Gulf Species on the Brink?

Can we avoid another disaster? Science journalists reporting on the Gulf talk about the fate of aquatic species after the Deepwater Horizon spill.

By Tasha Eichenseher

National Public Radio’s (NPR) <a href=”Talk of the Nation show was recorded live yesterday at National Geographic, where journalists Joel Bourne and Richard Harris shared stories from the Gulf of Mexico.

Bourne is the author of National Geographic magazine’s October cover story on the Deepwater Horizon spill. Harris is a senior science reporter at NPR.

26101-cb1284640883.jpgPhotograph by Joel Sartore

Also on the show, calling in from Tallahassee, was Ian MacDonald , an oceanographer who studies deep-ocean communities at Florida State University.

Up for discussion were the amounts of oil and its trajectory through Gulf of Mexico waters after the Deepwater Horizon disaster, but perhaps most interesting were the guests’ take on the fate of Gulf species.

With nearly two-inches of oil-contaminated sediment in some places on the ocean floor, scientists are

concerned about the oil’s impact on the species we care about, including the fisheries, said Bourne. With little oxygen in the sediment to speed disintegration, this oil could persist in the environment for a while, he added.

“Animals [on the ocean floor] will eat it. There is little food and they depend on the rain of organic material from the surface,” confirmed MacDonald, before naming a few species, including sea cucumbers, anemones, and burrowing sea urchins that may all be in danger.

MacDonald said he also worries about species that live closer to the surface, including the sperm whale, which, before the spill had a resident population of 1,400-1,660 members in the Gulf. According to MacDonald, this population was already at the edge, and now needs to be watched even more carefully. “There is a possibility that it could get tipped over, that they could lose enough individuals so it goes into a decline from which it can’t recover.”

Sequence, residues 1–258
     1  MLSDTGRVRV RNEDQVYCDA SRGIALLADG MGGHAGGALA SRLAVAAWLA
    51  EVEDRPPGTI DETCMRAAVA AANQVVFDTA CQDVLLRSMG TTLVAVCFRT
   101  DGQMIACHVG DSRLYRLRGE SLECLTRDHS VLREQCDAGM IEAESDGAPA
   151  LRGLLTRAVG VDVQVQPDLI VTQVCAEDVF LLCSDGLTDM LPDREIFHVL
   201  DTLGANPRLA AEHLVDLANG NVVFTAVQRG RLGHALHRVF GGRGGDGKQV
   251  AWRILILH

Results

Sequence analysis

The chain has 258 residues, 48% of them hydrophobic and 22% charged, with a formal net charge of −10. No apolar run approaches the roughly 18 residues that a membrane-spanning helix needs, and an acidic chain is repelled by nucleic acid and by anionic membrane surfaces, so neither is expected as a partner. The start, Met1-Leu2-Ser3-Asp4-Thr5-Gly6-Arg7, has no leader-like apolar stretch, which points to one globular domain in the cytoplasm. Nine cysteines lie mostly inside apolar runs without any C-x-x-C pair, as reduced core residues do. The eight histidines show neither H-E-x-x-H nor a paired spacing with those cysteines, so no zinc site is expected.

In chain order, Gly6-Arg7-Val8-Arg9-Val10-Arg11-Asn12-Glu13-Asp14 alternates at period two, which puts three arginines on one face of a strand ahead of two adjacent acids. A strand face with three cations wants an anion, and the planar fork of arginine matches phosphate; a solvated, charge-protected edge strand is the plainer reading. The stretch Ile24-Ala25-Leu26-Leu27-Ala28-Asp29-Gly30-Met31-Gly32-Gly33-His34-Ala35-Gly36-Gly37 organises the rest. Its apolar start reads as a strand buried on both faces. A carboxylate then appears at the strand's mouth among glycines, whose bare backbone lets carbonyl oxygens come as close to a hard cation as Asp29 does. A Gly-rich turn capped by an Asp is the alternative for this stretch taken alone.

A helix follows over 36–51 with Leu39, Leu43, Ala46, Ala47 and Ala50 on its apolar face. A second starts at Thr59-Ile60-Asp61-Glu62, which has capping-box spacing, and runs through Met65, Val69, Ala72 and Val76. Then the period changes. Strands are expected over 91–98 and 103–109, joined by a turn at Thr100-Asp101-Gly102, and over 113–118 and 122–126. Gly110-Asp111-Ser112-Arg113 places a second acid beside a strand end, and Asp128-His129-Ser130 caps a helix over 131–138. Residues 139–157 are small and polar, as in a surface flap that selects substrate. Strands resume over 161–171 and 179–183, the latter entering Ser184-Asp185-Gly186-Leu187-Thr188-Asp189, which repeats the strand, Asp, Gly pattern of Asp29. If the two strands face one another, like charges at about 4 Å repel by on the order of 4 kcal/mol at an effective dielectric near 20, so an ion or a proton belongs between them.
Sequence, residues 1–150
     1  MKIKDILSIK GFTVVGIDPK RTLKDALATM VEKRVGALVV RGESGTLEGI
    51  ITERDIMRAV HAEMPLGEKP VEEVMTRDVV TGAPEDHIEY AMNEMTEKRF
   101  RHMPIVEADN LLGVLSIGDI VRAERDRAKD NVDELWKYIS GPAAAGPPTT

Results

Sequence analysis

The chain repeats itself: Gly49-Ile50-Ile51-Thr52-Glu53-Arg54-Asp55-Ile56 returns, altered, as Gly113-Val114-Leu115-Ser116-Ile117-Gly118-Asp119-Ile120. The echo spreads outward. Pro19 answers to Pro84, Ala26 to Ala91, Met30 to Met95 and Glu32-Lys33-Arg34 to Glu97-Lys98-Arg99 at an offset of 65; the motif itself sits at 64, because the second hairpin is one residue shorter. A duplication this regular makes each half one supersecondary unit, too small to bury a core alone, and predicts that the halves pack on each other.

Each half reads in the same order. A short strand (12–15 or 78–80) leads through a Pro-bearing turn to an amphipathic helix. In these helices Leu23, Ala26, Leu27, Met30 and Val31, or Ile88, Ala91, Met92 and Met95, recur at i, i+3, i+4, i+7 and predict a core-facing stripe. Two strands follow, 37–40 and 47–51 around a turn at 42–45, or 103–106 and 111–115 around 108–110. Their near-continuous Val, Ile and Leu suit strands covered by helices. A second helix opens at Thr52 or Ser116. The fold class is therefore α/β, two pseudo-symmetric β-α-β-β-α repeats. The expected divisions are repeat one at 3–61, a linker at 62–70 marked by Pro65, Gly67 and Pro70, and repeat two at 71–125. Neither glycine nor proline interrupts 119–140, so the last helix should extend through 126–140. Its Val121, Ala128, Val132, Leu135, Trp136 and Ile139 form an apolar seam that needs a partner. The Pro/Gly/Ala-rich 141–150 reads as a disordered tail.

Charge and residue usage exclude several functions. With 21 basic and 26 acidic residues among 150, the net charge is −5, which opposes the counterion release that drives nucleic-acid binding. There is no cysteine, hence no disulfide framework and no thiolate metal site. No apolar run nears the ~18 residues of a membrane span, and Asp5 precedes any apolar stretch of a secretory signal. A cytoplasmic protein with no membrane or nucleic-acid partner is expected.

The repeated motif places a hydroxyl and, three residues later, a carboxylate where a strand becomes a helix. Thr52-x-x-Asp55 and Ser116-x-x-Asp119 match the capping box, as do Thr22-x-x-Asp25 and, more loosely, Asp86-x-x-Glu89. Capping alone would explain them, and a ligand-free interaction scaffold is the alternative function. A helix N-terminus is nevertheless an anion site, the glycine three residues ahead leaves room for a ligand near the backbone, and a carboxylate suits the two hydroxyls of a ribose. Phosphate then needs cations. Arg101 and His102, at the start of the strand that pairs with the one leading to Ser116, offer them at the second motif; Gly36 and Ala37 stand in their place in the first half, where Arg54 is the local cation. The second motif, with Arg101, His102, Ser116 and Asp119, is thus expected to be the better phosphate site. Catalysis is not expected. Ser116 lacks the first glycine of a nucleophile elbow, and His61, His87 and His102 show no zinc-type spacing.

All agree that scientists will be plagued with uncertainty for some time to come.

“This unfortunate event has been widely described as an experiment,” said MacDonald. “At this point the patient has been given the drug, the treatment, and we don’t see it anymore. he’s swallowed it. The Gulf of Mexico has basically taken this oil in and now we’re waiting to see what happens.”

Oct2010_NGM_COVER.jpgListen to Thursday’s Talk of the Nation.

Read National Geographic magazine coverage of the spill.

And learn more with National Geographic News from the Gulf.

Changing Planet


Meet the Author
More than forty years in U.S., UK, and South African media gives David Max Braun global perspective and experience across multiple storytelling platforms. His coverage of science, nature, politics, and technology has been published/broadcast by the BBC, CNN, NPR, AP, UPI, National Geographic, TechWeb, De Telegraaf, Travel World, and Argus South African Newspapers. He has published two books and won several journalism awards. In his 22-year career at National Geographic he was VP and editor in chief of National Geographic Digital Media, and the founding editor of the National Geographic Society blog, hosting a global discussion on issues resonating with the Society's mission and initiatives. He also directed the Society side of the Fulbright-National Geographic Digital Storytelling Fellowship, awarded to Americans seeking the opportunity to spend nine months abroad, engaging local communities and sharing stories from the field with a global audience. A regular expert on National Geographic Expeditions, David also lectures on storytelling for impact. He has 120,000 followers on social media: Facebook  Twitter  LinkedIn